Self-Employment

Being self-employed can bring individuals great rewards and freedoms, yet it also brings great responsibility to ensure you comply with the rules and requirements of the IRS. 
 

Are you Self-employed?

  • You are considered self-employed and subject to self-employment tax laws if you
  • Carry on your own trade or business
  • Have a profit motivation for your business activity
  • Operate your business in a regular manner
  • Are a sole proprietor
  • Are an independent contractor
  • Work full or part-time in the business endeavor
  • Have a net profit of at least $400.00 (or have a net profit of $100.00 or more as an employee of a church electing exemption from Social Security Withholdings)
 

Self-Employment Tax

All self-employed must pay a self-employment tax in addition to income tax. The tax is 15.3% of net earnings and has two components, a 12.4% old age, survivors and disability insurance (OASDI) tax and 2.9% component for hospital insurance (Medicare). The 12.4% OASDI portion is paid on net income (revenues less expenses) up to a set amount similar to social security. The 2.9% Medicare tax is paid on all net income. If you receive any wage income on which Social Security or Railroad Retirement taxes were paid then the self-employment tax minimum is reduced by the amount of wages received. If self-employment income is below $400 no self-employment tax is due.

 

What is Self-Employment Income?

  • Income received from a trade or business you conduct on a continuous and regular basis less allowable deduction
  • Payments received from your partnership for services rendered
  • Income paid by insurance companies to retired insurance agents based on prior work such as unpaid commissions
  • Real estate rental income if substantial services are rendered
  • Extended earnings payments to an independent insurance agent
  • Minister’s housing allowances unless Form 4361 is filed to opt out of Social Security (not subject to income tax)\income from a church or church-controlled organization
  • Income from independent contracting of services
  • Income from street hustling, panhandling, and drug dealing
  • Income from commercial fishing if working for a share of the catch
  • Foreign earned income excluded from income tax
  • Income from selling/distributing newspapers and magazines
  • Crop-sharing income
 

What’s Not Self-employment Income?

  • Income received as an employee of another company
  • Income paid to your child if under 18 and your business is a sole proprietor or partnership
  • Dividends and interest
  • Gain or loss from sale or exchange of capital assets or disposition of property not included as inventory or held for sale
  • Incentive pay to sales people in a dealership (auto dealer) but paid by the manufacturer
  • Earnings and dividends of an S corporation provided shareholders take a reasonable salary
  • Income for services not performed on a continuous or regular basis (this is deemed a hobby)
 

Self-employment tax traps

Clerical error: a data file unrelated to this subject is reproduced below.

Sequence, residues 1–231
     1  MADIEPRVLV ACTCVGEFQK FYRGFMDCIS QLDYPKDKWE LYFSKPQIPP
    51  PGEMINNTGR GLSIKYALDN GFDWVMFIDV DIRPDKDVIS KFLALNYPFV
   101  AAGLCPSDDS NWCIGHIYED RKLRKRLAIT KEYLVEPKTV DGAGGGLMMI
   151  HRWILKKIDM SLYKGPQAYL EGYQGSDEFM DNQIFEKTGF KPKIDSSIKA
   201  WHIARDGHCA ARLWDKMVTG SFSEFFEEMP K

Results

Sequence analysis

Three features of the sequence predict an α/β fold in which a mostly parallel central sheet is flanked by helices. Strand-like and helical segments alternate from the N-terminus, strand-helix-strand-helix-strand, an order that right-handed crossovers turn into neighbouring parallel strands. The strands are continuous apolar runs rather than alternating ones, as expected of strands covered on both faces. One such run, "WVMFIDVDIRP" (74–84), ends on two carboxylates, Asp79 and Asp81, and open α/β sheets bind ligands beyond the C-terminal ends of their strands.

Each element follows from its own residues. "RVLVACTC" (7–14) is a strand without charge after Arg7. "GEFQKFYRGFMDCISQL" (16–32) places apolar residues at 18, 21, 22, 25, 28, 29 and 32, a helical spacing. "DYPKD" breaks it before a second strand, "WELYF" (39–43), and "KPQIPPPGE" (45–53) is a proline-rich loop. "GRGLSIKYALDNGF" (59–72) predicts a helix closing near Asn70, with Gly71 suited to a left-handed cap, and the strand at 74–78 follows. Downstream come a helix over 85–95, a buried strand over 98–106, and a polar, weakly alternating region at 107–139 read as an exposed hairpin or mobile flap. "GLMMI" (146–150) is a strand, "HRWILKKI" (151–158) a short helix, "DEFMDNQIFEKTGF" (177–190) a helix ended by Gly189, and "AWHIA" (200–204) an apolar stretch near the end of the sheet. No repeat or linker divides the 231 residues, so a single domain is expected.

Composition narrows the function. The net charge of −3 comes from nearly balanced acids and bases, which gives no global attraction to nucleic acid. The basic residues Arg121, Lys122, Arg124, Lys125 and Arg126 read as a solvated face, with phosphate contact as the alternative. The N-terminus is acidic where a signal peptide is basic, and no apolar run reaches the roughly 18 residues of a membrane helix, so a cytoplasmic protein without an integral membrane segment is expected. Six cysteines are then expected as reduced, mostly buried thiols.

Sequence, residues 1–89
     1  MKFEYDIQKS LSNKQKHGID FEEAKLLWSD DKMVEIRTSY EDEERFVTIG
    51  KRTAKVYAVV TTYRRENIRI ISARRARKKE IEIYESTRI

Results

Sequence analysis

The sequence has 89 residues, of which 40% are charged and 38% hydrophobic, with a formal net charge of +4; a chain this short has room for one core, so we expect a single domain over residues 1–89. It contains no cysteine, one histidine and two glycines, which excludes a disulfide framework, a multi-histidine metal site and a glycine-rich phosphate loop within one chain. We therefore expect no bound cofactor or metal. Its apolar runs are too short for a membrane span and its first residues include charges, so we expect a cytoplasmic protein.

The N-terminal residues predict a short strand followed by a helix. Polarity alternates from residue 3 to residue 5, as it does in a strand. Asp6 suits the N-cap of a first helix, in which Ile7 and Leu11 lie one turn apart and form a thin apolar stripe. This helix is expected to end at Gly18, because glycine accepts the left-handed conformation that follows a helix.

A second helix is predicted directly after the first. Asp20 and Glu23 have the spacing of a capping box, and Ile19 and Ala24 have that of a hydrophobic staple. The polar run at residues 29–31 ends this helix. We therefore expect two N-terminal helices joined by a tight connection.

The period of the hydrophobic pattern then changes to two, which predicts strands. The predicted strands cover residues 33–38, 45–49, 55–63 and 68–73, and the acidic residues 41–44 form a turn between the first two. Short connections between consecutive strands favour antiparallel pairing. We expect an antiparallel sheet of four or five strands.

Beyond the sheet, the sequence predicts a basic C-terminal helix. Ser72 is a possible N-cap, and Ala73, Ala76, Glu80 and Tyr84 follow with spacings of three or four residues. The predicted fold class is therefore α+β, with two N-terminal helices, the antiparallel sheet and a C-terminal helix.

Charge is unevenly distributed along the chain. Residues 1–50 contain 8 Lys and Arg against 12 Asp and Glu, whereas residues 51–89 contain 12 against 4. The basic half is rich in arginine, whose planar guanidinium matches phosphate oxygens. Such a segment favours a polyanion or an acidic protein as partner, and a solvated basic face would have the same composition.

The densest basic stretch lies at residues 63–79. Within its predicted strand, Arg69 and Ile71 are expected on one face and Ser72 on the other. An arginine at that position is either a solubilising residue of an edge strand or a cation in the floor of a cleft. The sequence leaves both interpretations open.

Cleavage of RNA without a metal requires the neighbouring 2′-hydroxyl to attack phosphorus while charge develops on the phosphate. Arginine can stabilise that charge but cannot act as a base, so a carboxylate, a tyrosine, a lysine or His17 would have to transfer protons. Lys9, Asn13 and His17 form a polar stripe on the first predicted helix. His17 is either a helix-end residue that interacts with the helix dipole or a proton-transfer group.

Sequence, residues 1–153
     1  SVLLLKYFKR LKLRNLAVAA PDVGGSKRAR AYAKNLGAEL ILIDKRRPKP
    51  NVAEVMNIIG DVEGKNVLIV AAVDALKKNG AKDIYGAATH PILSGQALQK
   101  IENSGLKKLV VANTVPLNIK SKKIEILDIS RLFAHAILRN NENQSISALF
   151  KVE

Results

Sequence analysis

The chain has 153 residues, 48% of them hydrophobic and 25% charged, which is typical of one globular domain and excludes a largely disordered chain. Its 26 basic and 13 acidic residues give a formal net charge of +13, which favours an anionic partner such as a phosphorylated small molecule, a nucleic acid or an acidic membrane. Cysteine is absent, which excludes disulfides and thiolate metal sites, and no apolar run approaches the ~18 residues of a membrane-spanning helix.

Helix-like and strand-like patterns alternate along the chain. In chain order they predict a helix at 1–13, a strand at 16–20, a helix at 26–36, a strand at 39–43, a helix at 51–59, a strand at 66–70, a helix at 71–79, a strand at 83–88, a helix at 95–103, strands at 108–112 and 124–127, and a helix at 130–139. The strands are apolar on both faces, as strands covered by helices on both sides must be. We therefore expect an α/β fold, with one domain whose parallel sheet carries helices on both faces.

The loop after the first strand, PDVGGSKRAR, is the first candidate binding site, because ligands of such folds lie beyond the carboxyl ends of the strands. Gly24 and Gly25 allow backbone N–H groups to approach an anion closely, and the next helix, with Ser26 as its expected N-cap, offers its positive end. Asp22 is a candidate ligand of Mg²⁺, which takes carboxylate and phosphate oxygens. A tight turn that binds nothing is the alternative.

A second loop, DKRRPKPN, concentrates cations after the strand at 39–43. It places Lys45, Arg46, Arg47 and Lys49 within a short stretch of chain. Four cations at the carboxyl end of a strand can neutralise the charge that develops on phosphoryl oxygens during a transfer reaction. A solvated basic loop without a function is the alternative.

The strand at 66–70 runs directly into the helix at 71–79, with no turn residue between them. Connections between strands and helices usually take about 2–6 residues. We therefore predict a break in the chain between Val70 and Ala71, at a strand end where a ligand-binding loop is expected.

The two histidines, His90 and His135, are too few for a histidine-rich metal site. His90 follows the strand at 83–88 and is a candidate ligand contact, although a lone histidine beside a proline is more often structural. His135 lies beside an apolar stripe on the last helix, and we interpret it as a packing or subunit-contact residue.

Each year the Treasury Department (IRS) published statistics on the types of returns that get audited and those returns with self-employment income are always at the top of the list.

To reduce your chances of an unexpected tax bill:

  • Always keep self-employment activity and records separate from other expenses. Keep a separate checking and savings account for you self-employment activities. The IRS is very quick to deem expenses as personal (non-deductible) expenses if your bank account co-mingles expenses.
  • Do not confuse hobby and rental income activity as self-employment activity. The tax code applies separate laws to these two activities. If in doubt … ask.
  • Remember the IRS treats all profits as if they are wages subject to Social Security and Medicare taxed (self-employment taxes). This is true whether you wish to distribute or retain your profits. Consider using alternative corporate structures if you want to avoid some of this tax.
 

Deductions

One of the biggest tax advantages for self-employed is the ability to deduct your business expenses directly against your income – regardless of whether you itemize your deductions. You are not subject to the 2% of adjusted gross income threshold that applies to an employee’s out-of-pocket business related expenses. As a self-employed individual, your business expenses reduce the amount of your income that is subject to the self-employment tax (FICA) while the reimbursed business expenses of an employee do nothing to reduce their FICA tax.

 

Self-employed Health Insurance

Another major tax deduction provided by the IRS to the self-employed is the ability to deduct a large portion of your medical insurance costs. Under certain circumstances, if you hire your spouse as a bonafide employee and provide health insurance, 100% of the cost of the insurance may be deductible. Similarly, a written self-insured medical reimbursement plan may be a 100% deductible expense and enable you to provide tax free reimbursement of uninsured medical costs to employees for things like co-payments, prescriptions, vision and dental care.